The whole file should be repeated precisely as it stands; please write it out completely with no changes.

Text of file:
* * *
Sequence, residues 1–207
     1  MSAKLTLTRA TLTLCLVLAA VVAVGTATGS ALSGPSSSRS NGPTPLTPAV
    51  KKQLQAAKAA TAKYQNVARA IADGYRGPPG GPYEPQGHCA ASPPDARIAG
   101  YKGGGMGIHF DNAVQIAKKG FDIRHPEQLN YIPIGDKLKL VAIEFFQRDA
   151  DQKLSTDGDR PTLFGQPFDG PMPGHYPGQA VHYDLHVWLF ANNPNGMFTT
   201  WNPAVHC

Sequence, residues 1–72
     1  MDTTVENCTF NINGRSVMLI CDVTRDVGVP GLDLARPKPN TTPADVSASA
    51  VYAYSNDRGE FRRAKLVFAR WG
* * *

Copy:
Sequence, residues 1–207
     1  MSAKLTLTRA TLTLCLVLAA VVAVGTATGS ALSGPSSSRS NGPTPLTPAV
    51  KKQLQAAKAA TAKYQNVARA IADGYRGPPG GPYEPQGHCA ASPPDARIAG
   101  YKGGGMGIHF DNAVQIAKKG FDIRHPEQLN YIPIGDKLKL VAIEFFQRDA
   151  DQKLSTDGDR PTLFGQPFDG PMPGHYPGQA VHYDLHVWLF ANNPNGMFTT
   201  WNPAVHC

Sequence, residues 1–72
     1  MDTTVENCTF NINGRSVMLI CDVTRDVGVP GLDLARPKPN TTPADVSASA
    51  VYAYSNDRGE FRRAKLVFAR WG